The Konrad mine is the first legally approved repository in Germany. The former iron ore mine in Salzgitter in northern Germany is currently being reconstructed to meet the requirements for the final disposal of low- and intermediate-level radioactive waste.
In the area of the bottom landing of shaft 2 at a depth of 850 m existing mine openings are being enlarged to ensure the needed infrastructure for the transshipment of waste containers from the pit cage to the transport vehicles. In detail a clear cross-section with a diameter of 10 m in the drift is required. Taking into account the supporting system and an additional allowance a cross-section with a diameter of more than 13 m needs to be excavated over a length of 60 m. The excavation is divided into three partial steps, the driving of the base, crown and bench.
The geology of the bedrock is characterized by layers of limestone and claystone, which partly shows a squeezing behavior, intersected by a set of discontinuities. Due to the complex geology and the large cross-section a support system consisting of a slotted lining with sliding anchors was chosen to allow the bedrock to converge. Once the convergence period is concluded and a bearing ring is formed within the rock mass the final lining is created with reinforced shotcrete.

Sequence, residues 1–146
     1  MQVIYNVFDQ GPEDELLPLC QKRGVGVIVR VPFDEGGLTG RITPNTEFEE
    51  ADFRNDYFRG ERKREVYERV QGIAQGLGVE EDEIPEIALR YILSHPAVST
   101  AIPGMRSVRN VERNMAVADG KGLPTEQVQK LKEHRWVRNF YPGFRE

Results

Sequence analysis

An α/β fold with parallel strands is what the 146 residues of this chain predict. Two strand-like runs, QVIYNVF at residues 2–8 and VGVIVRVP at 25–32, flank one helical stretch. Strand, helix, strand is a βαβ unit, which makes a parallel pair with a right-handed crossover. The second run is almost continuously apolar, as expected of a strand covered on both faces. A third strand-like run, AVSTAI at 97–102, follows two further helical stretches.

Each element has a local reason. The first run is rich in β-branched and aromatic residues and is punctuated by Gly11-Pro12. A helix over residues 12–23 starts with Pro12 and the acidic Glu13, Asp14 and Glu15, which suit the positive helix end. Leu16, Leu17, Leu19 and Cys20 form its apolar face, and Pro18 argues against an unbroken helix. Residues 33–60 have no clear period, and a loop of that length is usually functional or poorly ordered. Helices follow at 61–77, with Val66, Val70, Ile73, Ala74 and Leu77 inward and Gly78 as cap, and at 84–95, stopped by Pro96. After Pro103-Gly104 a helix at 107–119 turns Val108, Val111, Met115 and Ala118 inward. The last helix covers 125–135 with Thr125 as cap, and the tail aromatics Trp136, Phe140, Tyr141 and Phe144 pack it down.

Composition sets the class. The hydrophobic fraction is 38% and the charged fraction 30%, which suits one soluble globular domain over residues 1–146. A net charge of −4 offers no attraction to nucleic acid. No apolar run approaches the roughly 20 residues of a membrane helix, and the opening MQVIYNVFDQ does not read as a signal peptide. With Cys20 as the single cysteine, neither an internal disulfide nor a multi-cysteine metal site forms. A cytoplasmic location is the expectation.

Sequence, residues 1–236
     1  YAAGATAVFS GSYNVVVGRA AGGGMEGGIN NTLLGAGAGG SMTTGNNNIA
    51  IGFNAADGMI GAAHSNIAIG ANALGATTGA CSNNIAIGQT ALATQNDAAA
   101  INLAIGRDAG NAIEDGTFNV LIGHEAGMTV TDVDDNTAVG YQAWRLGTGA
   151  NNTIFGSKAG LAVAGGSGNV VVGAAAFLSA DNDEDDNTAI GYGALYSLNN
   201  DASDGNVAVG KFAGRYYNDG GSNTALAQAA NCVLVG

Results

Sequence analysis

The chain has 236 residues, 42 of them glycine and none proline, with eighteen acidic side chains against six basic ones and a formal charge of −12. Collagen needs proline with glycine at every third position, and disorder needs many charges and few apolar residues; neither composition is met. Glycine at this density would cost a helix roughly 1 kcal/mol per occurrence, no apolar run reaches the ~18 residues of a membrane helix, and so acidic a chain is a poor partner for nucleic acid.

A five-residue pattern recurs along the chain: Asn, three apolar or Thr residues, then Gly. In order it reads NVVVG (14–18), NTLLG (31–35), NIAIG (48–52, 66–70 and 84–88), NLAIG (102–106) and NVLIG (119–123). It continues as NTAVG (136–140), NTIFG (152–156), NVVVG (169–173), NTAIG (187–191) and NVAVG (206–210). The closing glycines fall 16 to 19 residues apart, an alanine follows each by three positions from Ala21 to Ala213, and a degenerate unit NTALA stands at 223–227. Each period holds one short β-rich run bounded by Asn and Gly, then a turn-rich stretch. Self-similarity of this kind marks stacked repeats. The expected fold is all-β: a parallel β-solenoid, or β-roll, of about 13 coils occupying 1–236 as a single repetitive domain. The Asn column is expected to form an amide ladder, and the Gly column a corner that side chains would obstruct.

In order to observe the actual behavior of the bedrock an extensive geotechnical measurement program is being carried out. The measurements taken are then evaluated against threshold values calculated via numerical forecast models. This paper presents the challenges of developing large cross sections in squeezing rock.
The Konrad mine (Fig. 1) is a former iron ore mine in Salzgitter in Northern Germany. The mine operated for 12 years from 1964 until 1976, when hauling became no longer profitable. The mine workings consist of six levels in depths of 800 m to 1300 m, which can be accessed through two mineshafts.